STBL 720 0.07213 0.0883 0 0.5466 STDN 720 0.0813 0.0931 0 0.5466 LTD 720 0.3521 0.0763 0 0.5380 SIZE 720 6.4576 1.4879 0.4198 10.7964 PRO 720 0.0497 0.0584 -0.6545 0.3582 GRO 720 0.1316 0.1374 -0.4572 1.0852 TANG 720 0.1931 0.1192 0.0016 0.6635 Health care

Observations Mean Std. Dev. Min Max

STBL 66 0.1114 0.0993 0 0.3892 STDN 66 0.1138 0.0993 0 0.3792 LTD 66 0.1464 0.1689 0 0.5523 SIZE 66 5.1539 1.1960 2.4983 7.4908 PRO 66 0.0173 0.1001 -0.4327 0.2461 GRO 66 0.0256 0.1666 -0.2738 0.5827 TANG 66 0.3119 0.2079 0.0365 0.6701 Manufacturing

Observations Mean Std. Dev. Min Max

STBL 6,132 0.0891 0.0908 0 0.7159

STDN 6,132 0.0946 0.0940 0 0.7159

LTD 6,132 0.0561 0.0787 0 0.6301

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PRO 6,132 0.0390 0.0751 -2.4532 0.5665

GRO 6,132 0.0057 0.1841 -0.6053 7.4709

TANG 6,132 0.2854 0.1319 0 0.8455

Publishing

Observations Mean Std. Dev. Min Max

STBL 156 0.0566 0.0711 0 0.4094 STDN 156 0.0598 0.0712 0 0.4094 LTD 156 0.0313 0.0464 0 0.2107 SIZE 156 5.2122 1.8114 2.4762 9.7439 PRO 156 0.0573 0.0739 -0.2411 0.3362 GRO 156 0.0140 0.1672 -0.2864 0.9955 TANG 156 0.1469 0.1076 0.0007 0.4128 Real estate

Observations Mean Std. Dev. Min Max

STBL 360 0.1658 0.1280 0 0.8053 STDN 360 0.1665 0.1274 0 0.8053 LTD 360 0.1958 0.1791 0 0.7089 SIZE 360 6.2028 1.8239 2.0132 10.9910 PRO 360 0.0628 0.0456 -0.0935 0.2712 GRO 360 0.0882 0.2714 -0.5871 2.4589 TANG 360 0.3166 0.2695 0.0006 0.9347 Telecommunications

Observations Mean Std. Dev. Min Max

STBL 210 0.0589 0.0739 0 0.3060 STDN 210 0.0615 0.0739 0 0.3148 LTD 210 0.0327 0.0585 0 0.3089 SIZE 210 5.6928 2.3998 1.7288 12.2489 PRO 210 0.0170 0.2637 -3.0371 0.2965 GRO 210 0.0466 0.3191 -0.8182 2.6951 TANG 210 0.1143 0.1400 0.0011 0.4974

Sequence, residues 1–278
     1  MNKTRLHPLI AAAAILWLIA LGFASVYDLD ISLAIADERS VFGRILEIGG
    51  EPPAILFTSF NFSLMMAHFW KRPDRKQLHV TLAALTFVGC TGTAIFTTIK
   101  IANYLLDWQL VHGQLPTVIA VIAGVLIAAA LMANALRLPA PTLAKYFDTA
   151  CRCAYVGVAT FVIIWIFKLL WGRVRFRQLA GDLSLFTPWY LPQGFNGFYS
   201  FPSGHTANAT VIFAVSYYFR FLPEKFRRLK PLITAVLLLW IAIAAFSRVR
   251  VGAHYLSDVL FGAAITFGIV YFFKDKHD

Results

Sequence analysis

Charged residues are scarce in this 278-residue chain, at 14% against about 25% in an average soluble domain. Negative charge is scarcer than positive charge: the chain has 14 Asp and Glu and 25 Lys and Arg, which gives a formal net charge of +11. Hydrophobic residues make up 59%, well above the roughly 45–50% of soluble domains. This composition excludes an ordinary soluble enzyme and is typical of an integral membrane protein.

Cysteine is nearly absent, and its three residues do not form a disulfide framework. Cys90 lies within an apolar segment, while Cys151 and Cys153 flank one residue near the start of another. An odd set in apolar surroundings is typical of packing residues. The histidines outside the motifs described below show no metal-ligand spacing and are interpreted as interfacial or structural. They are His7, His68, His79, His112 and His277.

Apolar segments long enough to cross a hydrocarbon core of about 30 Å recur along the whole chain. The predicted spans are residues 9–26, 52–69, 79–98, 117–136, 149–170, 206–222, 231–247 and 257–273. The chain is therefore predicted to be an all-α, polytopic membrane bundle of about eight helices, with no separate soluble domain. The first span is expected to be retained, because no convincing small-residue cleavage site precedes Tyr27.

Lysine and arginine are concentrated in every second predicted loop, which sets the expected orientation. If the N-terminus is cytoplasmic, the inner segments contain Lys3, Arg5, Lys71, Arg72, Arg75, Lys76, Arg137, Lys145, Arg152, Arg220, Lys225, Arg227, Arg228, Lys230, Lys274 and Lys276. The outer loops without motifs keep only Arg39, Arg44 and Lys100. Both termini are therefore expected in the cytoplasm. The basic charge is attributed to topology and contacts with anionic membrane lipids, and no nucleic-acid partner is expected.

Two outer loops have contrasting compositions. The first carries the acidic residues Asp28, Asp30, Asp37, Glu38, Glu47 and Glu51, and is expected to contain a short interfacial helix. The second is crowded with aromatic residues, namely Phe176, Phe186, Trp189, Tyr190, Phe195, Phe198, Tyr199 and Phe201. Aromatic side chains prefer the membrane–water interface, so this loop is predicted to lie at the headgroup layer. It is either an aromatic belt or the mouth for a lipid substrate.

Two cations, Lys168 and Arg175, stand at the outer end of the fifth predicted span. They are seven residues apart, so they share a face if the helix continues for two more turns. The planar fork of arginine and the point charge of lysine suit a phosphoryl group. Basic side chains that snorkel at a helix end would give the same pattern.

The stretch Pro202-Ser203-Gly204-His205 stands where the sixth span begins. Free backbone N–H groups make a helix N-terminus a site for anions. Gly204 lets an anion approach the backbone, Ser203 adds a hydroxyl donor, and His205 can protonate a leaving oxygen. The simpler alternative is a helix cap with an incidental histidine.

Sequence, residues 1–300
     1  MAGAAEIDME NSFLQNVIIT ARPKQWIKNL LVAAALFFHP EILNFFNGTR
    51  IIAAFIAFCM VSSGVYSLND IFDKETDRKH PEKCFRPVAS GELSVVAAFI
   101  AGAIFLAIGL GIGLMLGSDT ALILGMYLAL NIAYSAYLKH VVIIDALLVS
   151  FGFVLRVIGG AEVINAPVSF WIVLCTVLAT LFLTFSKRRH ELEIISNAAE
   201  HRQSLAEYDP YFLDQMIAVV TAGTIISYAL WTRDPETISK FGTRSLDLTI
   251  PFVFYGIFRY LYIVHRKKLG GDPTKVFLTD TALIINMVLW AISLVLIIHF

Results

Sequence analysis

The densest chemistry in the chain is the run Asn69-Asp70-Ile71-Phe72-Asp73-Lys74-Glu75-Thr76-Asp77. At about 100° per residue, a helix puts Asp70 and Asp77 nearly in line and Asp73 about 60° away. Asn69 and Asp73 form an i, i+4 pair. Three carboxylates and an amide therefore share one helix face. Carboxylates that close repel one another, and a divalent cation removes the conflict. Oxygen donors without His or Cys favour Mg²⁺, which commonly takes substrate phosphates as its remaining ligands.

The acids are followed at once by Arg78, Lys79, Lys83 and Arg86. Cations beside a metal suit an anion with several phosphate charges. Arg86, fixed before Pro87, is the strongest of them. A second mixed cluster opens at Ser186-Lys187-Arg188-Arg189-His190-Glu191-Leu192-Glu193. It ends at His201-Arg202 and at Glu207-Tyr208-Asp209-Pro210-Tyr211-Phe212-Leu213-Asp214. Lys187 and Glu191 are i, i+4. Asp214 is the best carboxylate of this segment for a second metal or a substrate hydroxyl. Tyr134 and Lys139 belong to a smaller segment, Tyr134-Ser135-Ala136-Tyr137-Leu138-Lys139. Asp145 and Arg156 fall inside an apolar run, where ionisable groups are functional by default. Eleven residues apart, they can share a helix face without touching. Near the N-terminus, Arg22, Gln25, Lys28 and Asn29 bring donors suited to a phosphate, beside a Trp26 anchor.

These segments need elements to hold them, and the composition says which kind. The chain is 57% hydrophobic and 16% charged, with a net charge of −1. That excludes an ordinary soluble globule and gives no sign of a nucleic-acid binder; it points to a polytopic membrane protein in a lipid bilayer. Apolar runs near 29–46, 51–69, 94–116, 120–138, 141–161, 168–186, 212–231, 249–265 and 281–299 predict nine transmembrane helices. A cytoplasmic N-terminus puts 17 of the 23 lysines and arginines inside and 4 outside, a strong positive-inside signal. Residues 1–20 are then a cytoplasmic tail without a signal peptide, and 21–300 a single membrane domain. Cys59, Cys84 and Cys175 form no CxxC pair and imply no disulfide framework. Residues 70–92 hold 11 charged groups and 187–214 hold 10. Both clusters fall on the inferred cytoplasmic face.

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W&R

Observations Mean Std. Dev. Min Max

STBL 2,208 0.1043 0.1021 0 0.8453 STDN 2,208 0.1137 0.1077 0 0.8836 LTD 2,208 0.0683 0.0904 0 0.5902 SIZE 2,208 5.9788 1.5434 2.1014 11.9486 PRO 2,208 0.0416 0.0619 -0.8650 0.7106 GRO 2,208 0.0071 0.1651 -0.7646 2.6830 TANG 2,208 0.2621 0.1904 0 0.8108

4.3 METHODOLOGY

This paper, as explained above, includes 1,731 Japanese listed companies and four monetary indicators, from the period 2012 to 2017. Because the dataset contains cross-section and time-series data, panel regression9 is used for empirical analysis in this paper, which is widely applied in previous studies of capital structure10. There are four regression models run in this paper; specifically, model 1 and 2 include monetary indicators GB and ETF respectively, to avoid multicollinearity issue and do not add industry dummies into the analysis. Additionally, the most appropriate methods among pooled OLS, fixed effect, and random effect are compared via F-test and Hausman test.

Model 3 and 4 separate the GB and ETF factors as well, yet these two models take industry classification into account, and only fixed effect technique is applied for these two models. Besides, the result of correlation analysis is also shown in this section after introducing the models in detail.

9 Some papers use Arellano-Bond GMM approach to be robust to hetteroscedasticity and actocorrelation. 10 See the paper of Kythreotis, et al. (2018), Singh (2016) and Huong (2018), etc.

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4.3.1 Model

Model 1 and 2 focus on answering the research question: What are the effects of BoJ’s monetary policy on the capital structure of Japanese listed companies? regardless of industry classification, via regressing four monetary indicators on three leverage ratios, respectively.